Snow White and the Seven Dwarfs supervising director David Hand’s much-loved Walt Disney 1942 animated feature film is dazzlingly well animated in lovely Technicolor images by a team of sequence directors Hand is supervising.
In the story, the young deer Bambi is hailed as the Prince of the Forest at his birth and grows up in the forest, making friends with the other animals of the forest, learning the skills needed to survive and even finding love.
But, after his mother is tragically shot by hunters, Bambi must learn to be as brave as his father if he is to lead the other deer to safety.
Perce Pearce and Larry Morey base their screenplay on Austrian author Felix Salten’s famous 1923 children’s book Bambi, A Life in the Woods about the lives of a band of forest animals, in which the most unforgettable of a sweet group of characters are Bambi the white-tailed deer, the pink-nosed rabbit Thumper and the skunk Flower, both of them his buddies.
The other main characters are Bambi’s parents, the Great Prince of the Forest and his unnamed mother, and his childhood friend and future mate, Faline. Disney changed Bambi into a white-tailed deer from his species in the book of roe deer, since they do not inhabit the United States, but the white-tailed deer is familiar to Americans.
The film is cute when Bambi’s a baby, the power of the animation designs takes over when Bambi grows up, and its pleasures are topped off with the thrilling forest fire climax, one of several dark and moving scenes in a movie that also include the heart-rending shooting of Bambi’s mother and Bambi’s life-or-death battle with another deer over a doe called Faline.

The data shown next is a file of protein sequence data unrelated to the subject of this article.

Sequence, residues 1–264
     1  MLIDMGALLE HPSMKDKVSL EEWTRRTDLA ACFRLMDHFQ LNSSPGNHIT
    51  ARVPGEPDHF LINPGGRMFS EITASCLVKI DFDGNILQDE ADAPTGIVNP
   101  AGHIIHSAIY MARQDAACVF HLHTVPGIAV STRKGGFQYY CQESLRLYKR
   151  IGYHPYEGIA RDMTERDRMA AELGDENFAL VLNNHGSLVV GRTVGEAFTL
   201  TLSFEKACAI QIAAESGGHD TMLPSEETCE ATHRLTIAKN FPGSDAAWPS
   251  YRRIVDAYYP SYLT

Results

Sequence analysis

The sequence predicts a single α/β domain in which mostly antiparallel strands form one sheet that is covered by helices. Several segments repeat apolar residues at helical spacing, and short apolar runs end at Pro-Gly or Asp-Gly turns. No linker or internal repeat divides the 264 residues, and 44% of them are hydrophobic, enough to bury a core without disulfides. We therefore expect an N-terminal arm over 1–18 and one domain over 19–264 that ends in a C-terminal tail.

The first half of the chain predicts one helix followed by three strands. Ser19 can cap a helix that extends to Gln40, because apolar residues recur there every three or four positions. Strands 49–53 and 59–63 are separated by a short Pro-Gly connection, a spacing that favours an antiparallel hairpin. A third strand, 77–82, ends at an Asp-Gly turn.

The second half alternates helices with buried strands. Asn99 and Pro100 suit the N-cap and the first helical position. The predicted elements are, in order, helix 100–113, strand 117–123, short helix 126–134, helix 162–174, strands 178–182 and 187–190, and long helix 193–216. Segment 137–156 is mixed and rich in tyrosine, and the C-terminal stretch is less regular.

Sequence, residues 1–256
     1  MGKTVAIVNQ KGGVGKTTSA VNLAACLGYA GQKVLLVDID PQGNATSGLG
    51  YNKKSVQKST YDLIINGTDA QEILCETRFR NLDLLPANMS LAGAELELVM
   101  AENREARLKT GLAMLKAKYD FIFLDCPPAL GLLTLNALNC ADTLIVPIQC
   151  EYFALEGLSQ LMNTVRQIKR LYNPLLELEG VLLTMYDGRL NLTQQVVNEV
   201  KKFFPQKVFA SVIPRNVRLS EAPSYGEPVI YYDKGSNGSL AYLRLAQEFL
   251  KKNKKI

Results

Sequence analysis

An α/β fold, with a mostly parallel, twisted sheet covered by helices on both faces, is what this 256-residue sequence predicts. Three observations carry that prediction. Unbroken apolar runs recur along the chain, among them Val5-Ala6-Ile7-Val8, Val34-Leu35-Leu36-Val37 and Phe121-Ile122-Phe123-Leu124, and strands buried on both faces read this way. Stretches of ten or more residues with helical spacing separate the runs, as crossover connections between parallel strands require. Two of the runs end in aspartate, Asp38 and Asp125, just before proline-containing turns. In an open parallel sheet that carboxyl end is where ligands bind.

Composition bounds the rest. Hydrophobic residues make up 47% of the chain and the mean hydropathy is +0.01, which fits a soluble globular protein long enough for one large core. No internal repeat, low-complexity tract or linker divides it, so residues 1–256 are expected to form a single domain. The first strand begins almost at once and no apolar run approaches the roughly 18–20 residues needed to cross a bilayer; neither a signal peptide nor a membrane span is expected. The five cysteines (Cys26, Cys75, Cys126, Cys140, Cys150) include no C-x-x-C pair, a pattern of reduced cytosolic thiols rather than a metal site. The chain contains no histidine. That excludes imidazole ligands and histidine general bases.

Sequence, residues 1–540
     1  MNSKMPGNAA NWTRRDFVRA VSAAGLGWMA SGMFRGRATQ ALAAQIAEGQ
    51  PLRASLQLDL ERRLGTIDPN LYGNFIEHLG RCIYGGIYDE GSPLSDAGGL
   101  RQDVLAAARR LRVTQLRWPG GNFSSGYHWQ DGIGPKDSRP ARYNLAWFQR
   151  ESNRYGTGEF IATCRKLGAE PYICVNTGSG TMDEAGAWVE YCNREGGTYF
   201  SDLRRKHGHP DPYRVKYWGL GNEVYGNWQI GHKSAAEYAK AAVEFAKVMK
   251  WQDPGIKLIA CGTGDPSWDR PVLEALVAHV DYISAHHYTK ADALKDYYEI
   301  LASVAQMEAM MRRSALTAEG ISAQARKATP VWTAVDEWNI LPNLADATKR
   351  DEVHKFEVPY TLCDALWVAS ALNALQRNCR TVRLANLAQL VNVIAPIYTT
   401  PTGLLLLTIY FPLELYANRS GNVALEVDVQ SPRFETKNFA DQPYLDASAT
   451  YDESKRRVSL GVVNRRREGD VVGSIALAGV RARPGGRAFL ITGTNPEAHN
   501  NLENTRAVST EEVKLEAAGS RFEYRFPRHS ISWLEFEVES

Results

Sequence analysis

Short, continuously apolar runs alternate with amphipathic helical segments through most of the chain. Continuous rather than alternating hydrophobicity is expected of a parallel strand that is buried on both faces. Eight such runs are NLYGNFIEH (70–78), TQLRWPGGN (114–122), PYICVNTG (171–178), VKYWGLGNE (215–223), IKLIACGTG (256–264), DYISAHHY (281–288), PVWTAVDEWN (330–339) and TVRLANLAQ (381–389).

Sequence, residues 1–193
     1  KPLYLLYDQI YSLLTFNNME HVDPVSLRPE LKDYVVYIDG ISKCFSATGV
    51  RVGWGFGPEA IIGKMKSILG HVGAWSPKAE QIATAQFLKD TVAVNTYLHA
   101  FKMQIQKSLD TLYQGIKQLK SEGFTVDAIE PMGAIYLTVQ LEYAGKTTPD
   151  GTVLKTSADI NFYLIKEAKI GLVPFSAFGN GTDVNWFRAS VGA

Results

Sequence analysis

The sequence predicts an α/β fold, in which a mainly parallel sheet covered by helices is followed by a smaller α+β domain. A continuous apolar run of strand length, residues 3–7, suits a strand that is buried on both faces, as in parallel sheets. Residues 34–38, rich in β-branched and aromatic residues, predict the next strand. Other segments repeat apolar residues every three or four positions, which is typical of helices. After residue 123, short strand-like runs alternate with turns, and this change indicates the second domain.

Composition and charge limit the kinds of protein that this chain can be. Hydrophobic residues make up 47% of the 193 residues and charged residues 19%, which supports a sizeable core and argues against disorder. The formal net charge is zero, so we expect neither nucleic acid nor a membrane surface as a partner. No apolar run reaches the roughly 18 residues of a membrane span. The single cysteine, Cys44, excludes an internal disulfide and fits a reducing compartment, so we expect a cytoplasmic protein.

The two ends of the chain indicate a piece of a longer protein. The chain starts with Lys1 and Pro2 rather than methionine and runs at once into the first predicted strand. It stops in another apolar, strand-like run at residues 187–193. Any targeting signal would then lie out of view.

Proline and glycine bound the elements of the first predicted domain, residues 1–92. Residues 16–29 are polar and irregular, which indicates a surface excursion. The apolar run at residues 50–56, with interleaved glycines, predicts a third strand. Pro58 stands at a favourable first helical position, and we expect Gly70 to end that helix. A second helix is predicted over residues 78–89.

Voices are by Bobby Stewart Baby Bambi), Peter Behn (Young Thumper), Paula Winslowe (Bambi’s Mother), Stan Alexander (Young Flower), Cammie King Conlon (Young Faline), Donnie Dunagan (Young Bambi), Hardie Albright (Adolescent Bambi), John Sutherland (Adult Bambi), Otis Harlan (Mr Mole), Sam Edwards (Adult Thumper) and Sterling Holloway (Adult Flower).
Bambi received mixed reviews from the critics and lost money on its first release. Of its $1.7 million budget, it grossed back only $1.64 million. Today, however, it is viewed as a classic and took a considerable amount during its 1947 re-release and subsequent re-issues. It was re-released in 1966 and 1993. Its current box office is $267 million.
It is Disney’s fifth full-length feature film in the Walt Disney Animated Classics series from the studio’s original great heyday, following Snow White and the Seven Dwarfs (1937), Pinocchio (1940), Fantasia (1940) and Dumbo (1941).
Among several numbers, there’s one superlative, Oscar-nominated song – ‘Love Is a Song’ sung by Donald Novis – one of three Academy Award nominations, also including Best Sound (Sam Slyfield) and Best Original Music Score. Also: Little April Shower, Let’s Sing a Gay Little Spring Song, Looking for Romance (I Bring You a Song), Twitterpated and Thumper Song.
A 2006 direct-to-video sequel Bambi II is set in middle of the original Bambi srory and shows the Great Prince of the Forest struggling to raise the motherless Bambi, and Bambi’s doubts about his father’s love. It holds the world record for the longest time between two instalments of a franchise, being released 64 years after the original.
Pioneer artist Tyrus Wong, whose paintings were a visual inspiration for the film, died on 30 December 2016, aged 106.
© Derek Winnert 2014 Classic Movie Review 1415
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